Archive for the ‘Journey’ Category

Aging Biblically

Time flies. And it flies faster each year. So don’t procrastinate.

Like a game of hot potato, you should get rid of your possessions as fast as possible. Invest everything you can in the Kingdom. Your life is going to be over any minute, and you are going to regret holding on to things you weren’t able to keep.

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My wife and I had the opportunity to spend an evening at a salon hosted by a single mom at her home. The presenter was a young man (20 years old) who shared his life as an immigrant from Korea and his quest for identity and belonging. As a child of immigrant parents I can relate to his story and I also appreciated his honesty about trying to hold on to his Christian faith through it all.

We had an interesting and diverse group of people and we enjoyed the conversations over the potluck dinner. In many ways, though this was a non-Christian gathering, I felt it was as if I was in a house church meeting with the Lord’s Supper as a real meal (which it was) and everyone participating in the gathering (which was the norm). Even the children (including my youngest daughter) were part of the gathering: listening and interacting with the adults.

I wish I could experience genuine community in church as well …

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I can’t help but see in our public discourse so many of the same destructive impulses that ruled my former church. We celebrate tolerance and diversity more than at any other time in memory, and still we grow more and more divided. We want good things —justice, equality, freedom, dignity, prosperity — but the path we’ve chosen looks so much like the one I walked away from four years ago. We’ve broken the world into us and them, only emerging from our bunkers long enough to lob rhetorical grenades at the other camp. We write off half the country as out-of-touch liberal elites or racist misogynist bullies. No nuance, no complexity, no humanity. Even when someone does call for empathy and understanding for the other side, the conversation nearly always devolves into a debate about who deserves more empathy. And just as I learned to do, we routinely refuse to acknowledge the flaws in our positions or the merits in our opponent’s. Compromise is anathema. We even target people on our own side when they dare to question the party line. This path has brought us cruel, sniping, deepening polarization, and even outbreaks of violence. I remember this path. It will not take us where we want to go.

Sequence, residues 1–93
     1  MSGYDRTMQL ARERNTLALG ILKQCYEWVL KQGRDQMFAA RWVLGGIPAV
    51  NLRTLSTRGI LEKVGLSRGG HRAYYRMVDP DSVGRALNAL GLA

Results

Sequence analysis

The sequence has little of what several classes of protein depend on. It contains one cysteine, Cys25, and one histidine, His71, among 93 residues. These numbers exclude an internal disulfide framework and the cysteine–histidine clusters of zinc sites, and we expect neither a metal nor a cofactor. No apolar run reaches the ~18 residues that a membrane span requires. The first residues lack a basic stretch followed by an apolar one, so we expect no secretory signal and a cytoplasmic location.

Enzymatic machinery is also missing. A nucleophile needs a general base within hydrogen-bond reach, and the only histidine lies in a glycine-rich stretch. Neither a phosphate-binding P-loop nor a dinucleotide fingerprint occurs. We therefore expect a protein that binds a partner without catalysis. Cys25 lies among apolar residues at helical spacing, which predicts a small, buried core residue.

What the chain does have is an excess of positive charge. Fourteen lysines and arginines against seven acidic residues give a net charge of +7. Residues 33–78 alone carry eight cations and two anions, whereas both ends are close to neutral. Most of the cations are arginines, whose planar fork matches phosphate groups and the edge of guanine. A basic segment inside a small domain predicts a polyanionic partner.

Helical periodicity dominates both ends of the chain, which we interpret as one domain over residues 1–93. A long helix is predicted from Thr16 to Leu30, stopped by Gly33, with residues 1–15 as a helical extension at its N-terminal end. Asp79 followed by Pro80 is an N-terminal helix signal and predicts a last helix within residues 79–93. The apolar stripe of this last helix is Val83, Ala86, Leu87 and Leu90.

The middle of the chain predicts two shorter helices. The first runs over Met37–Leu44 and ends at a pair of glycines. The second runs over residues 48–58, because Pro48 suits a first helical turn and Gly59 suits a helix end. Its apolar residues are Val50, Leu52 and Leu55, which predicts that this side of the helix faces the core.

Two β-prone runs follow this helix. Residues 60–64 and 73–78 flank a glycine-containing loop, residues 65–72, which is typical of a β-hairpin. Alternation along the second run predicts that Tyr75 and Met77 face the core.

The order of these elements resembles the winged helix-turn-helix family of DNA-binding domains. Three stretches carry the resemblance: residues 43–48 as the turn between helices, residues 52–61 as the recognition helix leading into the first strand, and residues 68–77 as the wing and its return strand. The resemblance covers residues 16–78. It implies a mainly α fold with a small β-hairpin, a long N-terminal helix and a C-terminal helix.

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Dropping the Act


… we will never feel loved until we drop the act, until we’re willing to show our true selves to the people around us.

When I heard that I knew it was true. I’d spent a good bit of my life as an actor, getting people to clap—but the applause only made me want more applause. I  didn’t act in a theater or anything. I’m talking about real life. (xv)

No doubt about it, you will find many actors in your average church; people are terrified to take off their masks for fear of being judged. While Donald Miller’s latest book is about his personal journey from insecurity/isolation to intimacy and from failed relationships to freedom to be himself, much of what he writes is applicable to our relationships we have in church life.

Miller describes how he terrified he used to be of being known by others and how he felt people would only love him if he found ways to impress them. We see this played out in churches where Christians jump to serve in as many ministries as possible, in order to feel appreciated and acknowledged. I know how they feel: been there, done that. And one can’t blame them, because the alternative is that you’ll be largely invisible. So if we’re honest, more often than not, we are motivated by our desire for applause and adoration rather than for God’s glory. At the very least, the temptation is always there, for most of us are “attention addicts”.


Miller shares what a therapist once said to him: “when some animals feel threatened they make themselves appear bigger. She said it ‘s true with people too—they often make themselves appear better than they are in order to attract others and protect themselves from threats.” (31) What costume are you wearing to make yourself appear larger? Your job? Your wealth? Your education? Your good looks? Your biblical knowledge? Your position in church? Miller confesses that validation by others is very intoxicating. But then he “began to wonder what life would be like if I dropped the act and began to trust that being myself would be enough to get the love I needed.” (35)